Sunday, February 01, 2009

Going to See Revolutionary Road During the Superbowl: A Play in Three Acts

Prologue: An empty movie theatre. Four 50-something women enter the theatre as the lights dim for the feature presentation. Three of the women take their seats; the fourth women is overheard announcing to her friends that "she prefers to stand during the beginning of a movie."

Several previews are played, along with commercials, announcements urging the audience to shut off all electronic devices, etc. Eventually, the movie begins. The fourth women continues standing through the first 10 minutes of it.


Act One

[The scene is a mid-1950's upper-middle class suburb in Connecticut.]

Leonardo DiCaprio: My name is Frank Wheeler. I am named thusly because I speak in a frank fashion and, like the wheel on a car, I roll along day after day without a thought as to where I am going.

Kate Winslet: My name is April Wheeler. Like the month after which I am named, I represent growth and renewal. It would be a shame if my blossoming were to be cut short before my petals had a chance to bloom.

Leonardo DiCaprio: Although I am newly-married with a family, living in a pristine upper-middle class home and working my way up the corporate ladder, I feel my life is stifled and my dreams unrealized.

Kate Winslet: Let's give in to your long-time aspirations and move our family to Paris. We will buck the patriarchal socio-economic system of the mid-50's by making you the house husband while I, the woman, trot off to work each morning.

Leonardo DiCaprio: This drastic new lifestyle will truly put us on...a revolutionary road.

Act Two

Kathy Bates: I am Helen Givings. I am thus named because I am very giving. Although I am merely the realtor who sold Frank and April their idyllic mid-50's dream house many years ago, I will be forcing my way into the story quite often, usually at a point when our newlyweds are in emotional disarray, which occurs about every 4 minutes.

[To Frank and April] I would like to make a bizarre demand and insist upon bringing along my emotionally disabled son John Givings to your next dinner party. Although he was just released from a mental hospital and is given to frequent outbursts of screaming and derisive comments, I can't possibly see what could go wrong with having him attend a fancy-dress dinner in your home.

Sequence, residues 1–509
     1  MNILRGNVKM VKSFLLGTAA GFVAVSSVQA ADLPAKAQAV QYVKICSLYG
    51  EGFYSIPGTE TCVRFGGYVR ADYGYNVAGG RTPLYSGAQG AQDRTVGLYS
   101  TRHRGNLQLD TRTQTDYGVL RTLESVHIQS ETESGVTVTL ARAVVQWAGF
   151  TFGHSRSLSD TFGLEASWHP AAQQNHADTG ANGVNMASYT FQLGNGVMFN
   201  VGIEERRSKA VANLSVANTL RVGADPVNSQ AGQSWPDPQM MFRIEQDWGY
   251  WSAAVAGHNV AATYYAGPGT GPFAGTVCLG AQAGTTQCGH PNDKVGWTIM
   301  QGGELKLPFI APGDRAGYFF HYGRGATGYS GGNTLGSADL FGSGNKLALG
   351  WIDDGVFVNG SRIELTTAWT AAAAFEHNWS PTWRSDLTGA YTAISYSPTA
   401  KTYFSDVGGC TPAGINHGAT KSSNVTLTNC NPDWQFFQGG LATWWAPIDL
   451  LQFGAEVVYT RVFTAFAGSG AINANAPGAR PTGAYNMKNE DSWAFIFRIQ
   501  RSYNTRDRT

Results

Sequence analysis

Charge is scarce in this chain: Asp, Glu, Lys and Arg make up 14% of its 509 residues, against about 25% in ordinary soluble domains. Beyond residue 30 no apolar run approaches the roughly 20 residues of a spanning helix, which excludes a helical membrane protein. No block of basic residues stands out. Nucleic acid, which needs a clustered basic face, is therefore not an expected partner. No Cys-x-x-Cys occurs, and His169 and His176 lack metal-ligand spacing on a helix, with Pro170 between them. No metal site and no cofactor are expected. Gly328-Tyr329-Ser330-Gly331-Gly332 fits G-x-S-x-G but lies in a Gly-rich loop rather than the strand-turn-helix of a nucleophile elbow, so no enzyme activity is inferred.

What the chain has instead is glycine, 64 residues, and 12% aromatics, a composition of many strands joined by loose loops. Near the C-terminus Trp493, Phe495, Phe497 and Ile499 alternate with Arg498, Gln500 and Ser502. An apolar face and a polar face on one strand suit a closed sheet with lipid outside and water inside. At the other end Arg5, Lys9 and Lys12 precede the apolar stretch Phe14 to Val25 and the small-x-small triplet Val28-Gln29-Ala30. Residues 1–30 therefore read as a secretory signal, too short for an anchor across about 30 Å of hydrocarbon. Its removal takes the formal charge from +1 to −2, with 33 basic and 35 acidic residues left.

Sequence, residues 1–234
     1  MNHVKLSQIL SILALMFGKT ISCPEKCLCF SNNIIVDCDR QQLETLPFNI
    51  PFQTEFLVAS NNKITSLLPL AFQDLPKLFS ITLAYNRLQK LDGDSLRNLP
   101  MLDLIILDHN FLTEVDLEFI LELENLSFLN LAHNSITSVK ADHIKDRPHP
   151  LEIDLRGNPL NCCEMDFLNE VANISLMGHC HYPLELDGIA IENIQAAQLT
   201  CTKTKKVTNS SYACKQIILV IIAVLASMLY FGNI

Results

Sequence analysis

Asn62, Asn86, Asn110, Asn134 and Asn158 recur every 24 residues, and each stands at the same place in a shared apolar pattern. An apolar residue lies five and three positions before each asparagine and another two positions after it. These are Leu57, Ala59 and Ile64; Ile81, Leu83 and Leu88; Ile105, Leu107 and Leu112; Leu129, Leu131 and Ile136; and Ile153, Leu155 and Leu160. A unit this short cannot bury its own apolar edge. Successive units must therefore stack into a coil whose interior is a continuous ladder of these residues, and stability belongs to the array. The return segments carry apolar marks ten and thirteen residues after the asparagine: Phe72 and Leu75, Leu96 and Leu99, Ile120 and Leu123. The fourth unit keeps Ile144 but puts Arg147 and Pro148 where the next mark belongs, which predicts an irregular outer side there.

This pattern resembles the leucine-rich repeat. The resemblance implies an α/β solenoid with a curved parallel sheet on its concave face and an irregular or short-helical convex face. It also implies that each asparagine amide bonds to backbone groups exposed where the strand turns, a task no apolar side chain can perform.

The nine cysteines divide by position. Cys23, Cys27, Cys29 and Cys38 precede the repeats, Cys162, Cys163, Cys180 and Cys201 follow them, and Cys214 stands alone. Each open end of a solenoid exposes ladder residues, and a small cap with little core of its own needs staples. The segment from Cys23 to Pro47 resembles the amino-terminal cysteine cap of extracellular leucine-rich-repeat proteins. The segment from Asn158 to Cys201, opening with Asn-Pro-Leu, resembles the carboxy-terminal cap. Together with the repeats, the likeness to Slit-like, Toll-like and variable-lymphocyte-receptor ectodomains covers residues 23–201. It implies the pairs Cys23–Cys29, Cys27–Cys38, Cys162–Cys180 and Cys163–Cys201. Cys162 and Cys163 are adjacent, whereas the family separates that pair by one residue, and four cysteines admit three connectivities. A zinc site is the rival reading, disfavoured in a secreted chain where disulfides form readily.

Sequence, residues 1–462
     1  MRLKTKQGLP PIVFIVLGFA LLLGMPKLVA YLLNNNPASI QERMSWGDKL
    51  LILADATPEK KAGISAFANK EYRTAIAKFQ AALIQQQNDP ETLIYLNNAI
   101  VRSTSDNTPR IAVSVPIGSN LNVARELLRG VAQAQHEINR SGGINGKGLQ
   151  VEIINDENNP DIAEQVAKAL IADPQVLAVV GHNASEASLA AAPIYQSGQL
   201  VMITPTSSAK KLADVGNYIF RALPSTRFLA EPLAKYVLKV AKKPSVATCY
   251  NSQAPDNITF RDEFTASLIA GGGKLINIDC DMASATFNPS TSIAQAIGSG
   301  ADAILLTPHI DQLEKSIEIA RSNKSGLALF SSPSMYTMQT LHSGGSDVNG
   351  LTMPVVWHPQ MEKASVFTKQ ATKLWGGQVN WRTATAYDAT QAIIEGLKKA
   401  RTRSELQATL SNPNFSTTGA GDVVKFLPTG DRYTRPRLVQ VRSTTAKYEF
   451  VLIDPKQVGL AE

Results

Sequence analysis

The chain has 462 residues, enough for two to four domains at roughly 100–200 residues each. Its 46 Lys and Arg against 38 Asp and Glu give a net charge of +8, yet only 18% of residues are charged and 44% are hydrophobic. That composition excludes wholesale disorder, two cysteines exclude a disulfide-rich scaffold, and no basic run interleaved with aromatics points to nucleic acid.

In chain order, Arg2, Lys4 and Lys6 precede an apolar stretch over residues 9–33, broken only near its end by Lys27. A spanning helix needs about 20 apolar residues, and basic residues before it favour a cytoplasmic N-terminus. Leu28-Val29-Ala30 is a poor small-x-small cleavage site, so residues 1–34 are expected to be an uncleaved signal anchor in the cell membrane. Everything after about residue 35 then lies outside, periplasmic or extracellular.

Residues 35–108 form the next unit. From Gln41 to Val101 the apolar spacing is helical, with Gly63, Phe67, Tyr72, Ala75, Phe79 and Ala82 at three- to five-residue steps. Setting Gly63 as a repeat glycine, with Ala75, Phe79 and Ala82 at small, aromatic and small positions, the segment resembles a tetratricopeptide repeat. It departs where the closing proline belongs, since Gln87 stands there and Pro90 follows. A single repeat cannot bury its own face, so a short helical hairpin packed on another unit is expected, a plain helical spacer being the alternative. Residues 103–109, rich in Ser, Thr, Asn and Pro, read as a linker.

[We now see a dinner party at Frank and April's pristine pastel-colored dining room.]

John Givings: [To Frank and April] Because I am a social retard and therefore not hindered by the same social constraints as you, I am uniquely qualified to give voice to the churning discord of your counterfeit relationship. By definition, I am insane, but by the standards of your violent and unsettling marriage, I might actually be the most sensible character in the entire movie because I dare to speak the truth which you conveniently sweep under the carpet of your idyllic mid-50's upper-middle class home.

[Skip ahead 90 minutes.]

Leonardo DiCarpio: April's blossoming has been cut short before her petals had a chance to bloom!

Act Three

[Disco:Very is seen on the theatre floor, vomiting.]

THE END

[Curtain]

2 comments:

Rhumba Mary said...

You know, I had to step over you when I was leaving the theater which I have to tell you I really resented because you kept making all sorts of noises like a child with no attention span and then to vomit like you did, well, I thought to myself "If this little self absorbed cretin could at least produce emesis in reaction to this harsh and exacting film, well, there's at least something human about him." But for the most part I just thought "feh" and kept going.

Disco:Very said...

You are correct that this film is harsh and exacting, but certainly not in a good way. By the way, if you continue standing like that at the beginning of each movie you see, your knees will lock into place by the 2nd act. Sit down already, will you?